Uber has transformed the way you get around. Now it is getting into the credit card business.
The ride-sharing company announced it has partnered with Barclays Bank on a new Visa card, which will be available from next month in the United States.
Starting Nov. 2, riders can apply using the Uber app, get approved within minutes and then immediately add the card to their Uber wallet, the company said.
The card is automatically available for use for Uber rides and UberEats purchases, while a physical card will arrive in the mail about a week later.
“The Uber Visa Card is one of the richest no-annual-fee card programs available in the US,” said Denny Nealon, head of US partnerships at Barclays.
The plan is to avoid direct mailings in favor of courting Uber’s 65 million monthly active riders.
The new card has no annual fee and offers a bonus of US$100 after spending US$500 on purchases within the first 90 days.
Benefits include 4 percent cash back for dining, 3 percent on airfare and hotels, 2 percent on in-app and online purchases, and 1 percent on everything else you use the card for.
On top of that, the new card also gives users who spend more than US$5,000 annually a US$50 credit, phone insurance of up to US$600 if someone uses the card to pay their monthly phone bill, and exclusive invites to events for card members.
Moreover, cardholders will earn 1 to 4 points per dollar on purchases, depending on the purchase category. Points can then be redeemed at a rate of one cent apiece as Uber credits directly within the Uber app, for statement credits or for gift cards. Redemptions for Uber credits start at 500 points for US$5.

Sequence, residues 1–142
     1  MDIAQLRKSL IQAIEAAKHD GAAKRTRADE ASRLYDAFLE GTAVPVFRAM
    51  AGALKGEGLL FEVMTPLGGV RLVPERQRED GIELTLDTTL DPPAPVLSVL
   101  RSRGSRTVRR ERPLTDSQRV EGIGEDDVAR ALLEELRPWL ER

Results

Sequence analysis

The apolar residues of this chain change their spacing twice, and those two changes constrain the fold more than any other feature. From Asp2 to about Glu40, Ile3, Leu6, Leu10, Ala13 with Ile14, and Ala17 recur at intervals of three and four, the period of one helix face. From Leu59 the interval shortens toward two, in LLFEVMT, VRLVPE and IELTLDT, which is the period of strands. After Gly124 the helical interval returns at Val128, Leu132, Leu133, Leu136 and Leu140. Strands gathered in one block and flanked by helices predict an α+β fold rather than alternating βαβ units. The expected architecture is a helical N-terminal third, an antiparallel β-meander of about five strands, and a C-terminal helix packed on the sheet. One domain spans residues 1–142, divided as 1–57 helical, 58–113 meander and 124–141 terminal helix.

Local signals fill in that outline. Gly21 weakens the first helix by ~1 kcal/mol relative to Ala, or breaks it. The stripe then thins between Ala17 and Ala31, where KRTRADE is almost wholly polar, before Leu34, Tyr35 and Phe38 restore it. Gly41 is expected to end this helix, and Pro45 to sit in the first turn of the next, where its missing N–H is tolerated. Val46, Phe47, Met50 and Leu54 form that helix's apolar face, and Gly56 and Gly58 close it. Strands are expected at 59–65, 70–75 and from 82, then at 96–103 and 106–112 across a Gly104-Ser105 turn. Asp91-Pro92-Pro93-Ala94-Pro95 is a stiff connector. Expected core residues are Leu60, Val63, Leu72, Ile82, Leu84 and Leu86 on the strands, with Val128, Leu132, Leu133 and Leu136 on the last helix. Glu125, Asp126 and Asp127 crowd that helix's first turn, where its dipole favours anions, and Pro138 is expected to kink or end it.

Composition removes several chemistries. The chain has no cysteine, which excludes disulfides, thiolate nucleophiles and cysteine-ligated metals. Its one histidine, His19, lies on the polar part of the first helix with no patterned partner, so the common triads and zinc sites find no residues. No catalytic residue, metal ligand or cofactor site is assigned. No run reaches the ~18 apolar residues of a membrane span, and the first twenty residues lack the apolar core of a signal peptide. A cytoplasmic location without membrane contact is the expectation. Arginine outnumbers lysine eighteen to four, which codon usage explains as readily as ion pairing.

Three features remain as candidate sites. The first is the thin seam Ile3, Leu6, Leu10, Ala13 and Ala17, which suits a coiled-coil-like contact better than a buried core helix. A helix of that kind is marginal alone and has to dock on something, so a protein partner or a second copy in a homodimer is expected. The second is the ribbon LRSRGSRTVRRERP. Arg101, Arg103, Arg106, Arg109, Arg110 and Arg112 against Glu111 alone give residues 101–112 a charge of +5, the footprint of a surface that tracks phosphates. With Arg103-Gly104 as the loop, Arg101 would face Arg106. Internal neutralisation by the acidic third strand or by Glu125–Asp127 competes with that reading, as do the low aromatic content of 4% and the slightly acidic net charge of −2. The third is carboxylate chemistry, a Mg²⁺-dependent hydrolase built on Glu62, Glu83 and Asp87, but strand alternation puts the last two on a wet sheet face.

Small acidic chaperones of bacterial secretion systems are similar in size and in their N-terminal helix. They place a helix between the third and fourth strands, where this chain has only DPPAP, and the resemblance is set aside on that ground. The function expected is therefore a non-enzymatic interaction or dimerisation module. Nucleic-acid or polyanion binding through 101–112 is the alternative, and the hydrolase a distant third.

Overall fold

There are also no foreign transaction fees. The card comes with annual interest rate of 15.99 percent, 21.74 percent and 24.74 percent based on an applicant’s creditworthiness, and there is no upper limit on credit lines, TechCrunch reported, citing a Barclays spokeswoman.
Judy Zhu, an Uber business development executive, told Reuters that the card was a way to encourage customers to use Uber for more than rides. “We are really starting to think about how to connect Uber to the things you are doing before and after riding,” Zhu said.
Uber has had issues with privacy in the past. The company is under fire over privacy issues ranging from tracking user locations once they have left a vehicle, to a weird screen recording permission in its iOS app and more.
Uber’s push into credit is the opposite path that its rivals in emerging markets have taken. Grab, a Southeast Asian ride-hailing platform, bought Kudo earlier this year as a way to give its customers access to basic digital financial services, and Ola built a standalone app for the same reason.
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